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A member registered Jul 20, 2015 · View creator page →

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Nah I feel like you can learn the basics in about a weekend if you have the time :)

I would aim for a small group of friends, when I started GMing everything I read said never do more then 4 starting out because it just becomes a nightmare to manage and make fun for everyone if you are not prepared.

Other two questions are really up to the person running the adventure and the people in the group, if the players are less into the role playing parts of it and more just want to get into the combat then you probably want a higher number then a group that wants to try and talk their way or stealth their way through most problems.

Maps can make for great world building material though!

So wave spawn system is in and working but an unexpected issue has come up. Apparently if you use the built in team function NPC melee attacks don't hurt players. Which means I am now going to have to add my own custom team code. (╯°□°)╯︵ ┻━┻

Spent most of today working out how to handle the wave spawning mechanics. I think I have most of the design portion done I just need to implement it. Decided I didn't want waves to be hardcoded or have them baked into the maps. It will now load in the wave data for text files that the game parses. This way if you have some cool custom NPC you want to play against or adjust difficulty you can without digging through my code or recompiling a map.

Another thing I still need to decide on is how spawn positions are chosen. Right now it's done by grabbing the position and angle data from spawn points the mapper places but I think a more elegant solution might be to make volumetric spawn zones that way you can cover more area without placing a ton of these spawn points. Then when the game needs a spawn point pick from the volume, do a trace to the floor and send that back.

Use premade assets or ones you can put together fast and figure out what is necessary and what is just something that would be nice to have. For example I could work on a player model selector right now or I could just throw a few lines of code in that gives them a random one from a list.

In an alternate reality there exists a sport known as fluctus salvos where teams competing in arenas fight seemingly never ending waves of enemies that the royal event coordinator requisitions from the royal labs. This game is concerned with two such teams, Team Snake and Team Iguana.

Game is a team based wave survival where two teams try to finish all the waves before the enemy team does or be the last one standing. The twist however is if a team kills an enemy from a wave it respawns in the other teams arena.  Teams also earn gold in various ways during the match which they can use to buy items/upgrades.  This is all loosely based on this old custom map I played for Supreme Commander FAF long ago called "Waves of Death" that I thought was super fun.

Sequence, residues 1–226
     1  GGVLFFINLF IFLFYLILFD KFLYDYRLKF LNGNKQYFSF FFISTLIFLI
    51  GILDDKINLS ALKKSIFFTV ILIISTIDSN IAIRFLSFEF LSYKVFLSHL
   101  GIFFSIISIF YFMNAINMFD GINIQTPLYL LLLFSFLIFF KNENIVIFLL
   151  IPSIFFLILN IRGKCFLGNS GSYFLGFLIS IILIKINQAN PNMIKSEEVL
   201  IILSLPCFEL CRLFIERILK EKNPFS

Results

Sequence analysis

I originally wanted to use UE4 for this project but truth be told I don't have a lot of experience with it and I really wanted to make something multiplayer focused. When I was trying to read up on how one might go about adding it the general consensus seemed to be "don't do this for your first UE4 project unless you have a lot of time".  So I fell back to what I knew which is Source.

I'll add pictures/video to this first post once I have some but right now it's all just dev textures and bot players running around into walls.

One thing I definitely want to focus on with this game jam is trying to change my habit of trying to make things look nice before the actual gameplay portion is finished. In that regard the only things done this weekend was writing code for the warmup/lobby system and setting up some basic files. The initial playable version is probably going to be using a good number of default HL2 assets. Hopefully I can talk a friend into helping with some of the art otherwise expect some ugly reskined citizens with poorly drawn snakes and iguanas on their shirts.

A twitter bot isn't as hard as it sounds. You should be able to pick it up fairly fast, Codecademy has tutorials covering it.

That sounds really cool! Have you ever heard of Carnage Heart? Was kind of an overly complicated mech game for PSX (and later the PSP) that had you doing some flow diagram style programming. I could never really get into because doing all that with a controller was very time consuming I felt like. Might provide some interesting ideas for ya.